7,000-Year-Old Native American ‘Bog Burial’ Found Off the Coast of Florida
The 167 bodies discovered in a pond in Windover, Florida started to stir up excitement in the archaeological world only after the bones were declared very old, and not the product of mass murder. Researchers from Florida State University came to the site, believing that in the swampland some more Native American bones had been found.
They believed the bones were between 500 and 600 years old. But then the bones were dated with radiocarbon.
It turns out that these corpses were between 6,990 and 8,120 years old. The academic community was then incredibly excited. Windover Bog has proved to be one of the United States’ most significant archaeological discoveries.
In 1982, Steve Vanderjagt, the man who made the discovery, was using a backhoe to demolish the pond to create a new subdivision between Disney World and Cape Canaveral. A large number of rocks in the pond confused Vanderjagt since the region of Florida was not considered to be particularly rocky.
Getting out of his backhoe, Vanderjagt went to investigate and almost immediately realized that he had unearthed a huge pile of bones. He called the authorities right away. It was only thanks to his natural curiosity that the site was preserved. After the medical examiners declared them ancient, the specialists from Florida State University were summoned (another brilliant move by Vanderjagt- too often sites are ruined because experts are not called).
Deeply intrigued, EKS Corporation, the developers of the site, financed the radiocarbon dating. Once the striking dates were revealed, the State of Florida provided a grant for the excavation.
Unlike the human remains found in European bogs, the Florida bodies are only skeletons – no flesh remains on the bones. But this does not negate their significance. Nearly half of the skulls contained brain matter. The majority of the skeletons were found lying on their left sides with their heads pointing westward, perhaps toward the setting sun, and their faces pointing to the north.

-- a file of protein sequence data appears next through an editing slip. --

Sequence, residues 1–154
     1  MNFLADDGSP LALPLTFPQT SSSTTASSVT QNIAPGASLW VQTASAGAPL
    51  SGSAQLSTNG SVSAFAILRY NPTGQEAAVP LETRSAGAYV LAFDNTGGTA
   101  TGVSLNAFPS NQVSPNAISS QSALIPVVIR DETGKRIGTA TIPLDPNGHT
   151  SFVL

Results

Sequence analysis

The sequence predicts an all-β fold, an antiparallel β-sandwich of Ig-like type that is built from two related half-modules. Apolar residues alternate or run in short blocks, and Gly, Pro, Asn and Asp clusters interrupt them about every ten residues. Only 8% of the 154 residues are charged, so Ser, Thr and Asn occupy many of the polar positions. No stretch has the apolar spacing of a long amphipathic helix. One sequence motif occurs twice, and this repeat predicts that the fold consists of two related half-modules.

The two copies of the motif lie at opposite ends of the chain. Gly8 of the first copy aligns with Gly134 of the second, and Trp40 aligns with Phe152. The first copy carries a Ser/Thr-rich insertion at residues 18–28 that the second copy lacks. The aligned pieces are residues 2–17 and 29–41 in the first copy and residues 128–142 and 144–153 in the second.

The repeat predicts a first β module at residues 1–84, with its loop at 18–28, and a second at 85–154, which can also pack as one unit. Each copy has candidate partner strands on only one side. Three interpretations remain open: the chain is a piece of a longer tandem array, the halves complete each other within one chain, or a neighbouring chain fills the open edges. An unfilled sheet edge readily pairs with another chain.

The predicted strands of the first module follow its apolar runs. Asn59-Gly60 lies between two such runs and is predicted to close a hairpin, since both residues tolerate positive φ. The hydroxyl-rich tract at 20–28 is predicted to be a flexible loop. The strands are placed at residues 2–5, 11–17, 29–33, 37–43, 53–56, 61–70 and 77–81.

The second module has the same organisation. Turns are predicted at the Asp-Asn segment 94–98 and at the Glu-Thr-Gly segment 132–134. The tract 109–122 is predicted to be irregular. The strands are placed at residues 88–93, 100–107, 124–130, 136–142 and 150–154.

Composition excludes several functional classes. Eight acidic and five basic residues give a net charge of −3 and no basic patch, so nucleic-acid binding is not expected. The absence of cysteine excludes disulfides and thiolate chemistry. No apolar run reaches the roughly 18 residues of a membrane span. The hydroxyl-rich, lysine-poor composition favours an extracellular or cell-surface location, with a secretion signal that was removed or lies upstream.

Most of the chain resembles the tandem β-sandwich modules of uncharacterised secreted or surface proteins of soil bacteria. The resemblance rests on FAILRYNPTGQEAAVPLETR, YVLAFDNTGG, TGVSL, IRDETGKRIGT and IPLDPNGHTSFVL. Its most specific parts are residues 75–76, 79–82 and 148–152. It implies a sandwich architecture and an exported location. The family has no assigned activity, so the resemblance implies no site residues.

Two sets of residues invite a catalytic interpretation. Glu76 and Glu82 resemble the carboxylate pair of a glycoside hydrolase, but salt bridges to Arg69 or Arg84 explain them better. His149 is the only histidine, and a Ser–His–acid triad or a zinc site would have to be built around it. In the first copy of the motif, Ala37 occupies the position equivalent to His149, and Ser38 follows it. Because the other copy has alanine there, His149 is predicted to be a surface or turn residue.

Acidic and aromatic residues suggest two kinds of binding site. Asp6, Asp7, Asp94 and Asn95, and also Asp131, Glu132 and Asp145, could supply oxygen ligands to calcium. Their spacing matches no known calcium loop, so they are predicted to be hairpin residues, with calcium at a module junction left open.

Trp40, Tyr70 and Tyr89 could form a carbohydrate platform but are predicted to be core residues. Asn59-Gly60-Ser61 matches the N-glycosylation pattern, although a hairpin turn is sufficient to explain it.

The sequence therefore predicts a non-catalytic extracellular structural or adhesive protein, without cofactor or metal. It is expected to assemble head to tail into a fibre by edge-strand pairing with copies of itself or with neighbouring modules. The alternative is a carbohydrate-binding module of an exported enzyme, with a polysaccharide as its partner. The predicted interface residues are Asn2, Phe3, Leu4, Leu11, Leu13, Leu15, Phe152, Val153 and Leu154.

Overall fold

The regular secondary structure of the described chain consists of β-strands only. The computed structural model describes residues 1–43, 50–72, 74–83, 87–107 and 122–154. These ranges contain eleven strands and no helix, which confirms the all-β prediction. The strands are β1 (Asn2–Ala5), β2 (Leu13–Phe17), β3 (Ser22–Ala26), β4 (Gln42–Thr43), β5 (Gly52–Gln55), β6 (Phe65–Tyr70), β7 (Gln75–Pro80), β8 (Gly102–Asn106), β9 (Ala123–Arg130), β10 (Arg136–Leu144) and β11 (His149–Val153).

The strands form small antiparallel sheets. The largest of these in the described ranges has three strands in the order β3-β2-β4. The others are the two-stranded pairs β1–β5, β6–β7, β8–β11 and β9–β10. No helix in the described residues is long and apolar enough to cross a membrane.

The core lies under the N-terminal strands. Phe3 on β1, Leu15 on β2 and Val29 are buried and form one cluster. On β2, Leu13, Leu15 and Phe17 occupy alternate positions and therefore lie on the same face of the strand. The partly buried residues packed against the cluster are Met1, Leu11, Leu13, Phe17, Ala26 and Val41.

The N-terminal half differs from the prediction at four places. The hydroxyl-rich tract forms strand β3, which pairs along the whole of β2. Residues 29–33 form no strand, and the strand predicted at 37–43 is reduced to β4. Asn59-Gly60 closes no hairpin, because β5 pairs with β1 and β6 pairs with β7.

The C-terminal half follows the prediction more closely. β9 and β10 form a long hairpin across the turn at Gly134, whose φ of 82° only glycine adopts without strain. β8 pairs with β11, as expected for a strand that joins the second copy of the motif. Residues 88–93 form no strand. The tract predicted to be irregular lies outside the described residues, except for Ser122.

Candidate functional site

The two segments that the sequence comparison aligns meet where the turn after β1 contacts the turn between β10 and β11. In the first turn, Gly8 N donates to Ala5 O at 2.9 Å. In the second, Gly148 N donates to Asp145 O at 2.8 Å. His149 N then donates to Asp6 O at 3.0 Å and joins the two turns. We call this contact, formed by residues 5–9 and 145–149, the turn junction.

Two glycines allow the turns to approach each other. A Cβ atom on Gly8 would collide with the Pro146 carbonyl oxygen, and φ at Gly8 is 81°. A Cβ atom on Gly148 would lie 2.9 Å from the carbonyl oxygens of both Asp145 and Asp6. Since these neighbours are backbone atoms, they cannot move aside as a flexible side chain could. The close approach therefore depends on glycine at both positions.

Most had their legs tucked up, as in the fetal position, however, three were lying straight. Interestingly, each corpse had a stake thrust through the loose fabric that enshrouded them, presumably to prevent them from floating to the surface of the water as decomposition filled them with air. This practical step was what ultimately protected the bodies from scavengers (animals and grave robbers) and kept them in their intended positions.
The find provides unparalleled insight into a hunter-gather community that existed 3,500 years before the Pyramids were built in Egypt. The skeletons and the artefacts found with them have been studied almost continuously in the decades since their discovery.
The research paints a picture of a hard but good life in pre-Columbian Florida. Though living mainly off what they could hunt and gather, the community was sedentary, indicating that whatever hardships they may have faced were small compared with the benefits of the area they chose to settle in.
Theirs was an incredibly caring society. Children’s bodies were almost all found to have small toys in their arms. One older woman, perhaps 50, showed signs of having several broken bones. The fractures occurred several years before her death, meaning that despite her handicap the other villagers cared for her and helped her even when she could no longer contribute significantly to the workload.
Another body, that of a 15-year-old boy, showed that he was a victim of spina bifida, a crippling birth defect where the vertebrae do not grow together properly around the spinal cord. Despite his many deformed bones, evidence suggests he was loved and cared for throughout his life. These discoveries are mind-boggling when one considers how many ancient (and even a few modern) societies abandon the weak and deformed.
Contents found within the corpses’ as well as other organic remains found in the bog reveal an ecosystem rich in diversity. 30 species of edible and/or medicinal plants were identified by paleobotanists; berries and small fruits were particularly important to the community’s diet.
One woman, perhaps 35 years old, was found with a concoction of elderberry, nightshade, and holly in the area where her stomach would have been, suggesting that she was eating medicinal herbs to try and combat an illness.
Unfortunately, the combination did not work and whatever afflicted the woman ultimately took her life. Interestingly, the elderberry woman was one of the few bodies stretched out, as opposed to curled up, with her face pointing downward. In other Native American traditions, elderberries were used to fight viral infections.
Another striking difference between the Windover Bog people and their European counterparts is that none of the Floridians suffered violent deaths. The bodies include men, women, and children.
Roughly half of the bodies were younger than 20 years old when they died but some were well over 70 years old. This was a fairly good mortality rate for the place and time.
The presence of brain matter in 91 of the bodies suggests that they were buried quickly, within 48 hours of death. Scientists know this because, given the hot humid climate of Florida, brains would have liquefied in bodies not buried quickly.
Somewhat amazingly, DNA analysis of the remains shows that these bodies share no biological affiliation with the more modern Native American groups known to have lived in the area.
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Recognizing the limitations of modern technology, about half of the Windover site was left intact, as a protected National Historic Landmark, so that in 50 or 100 years’ researchers could return to the bog and excavate untouched remains.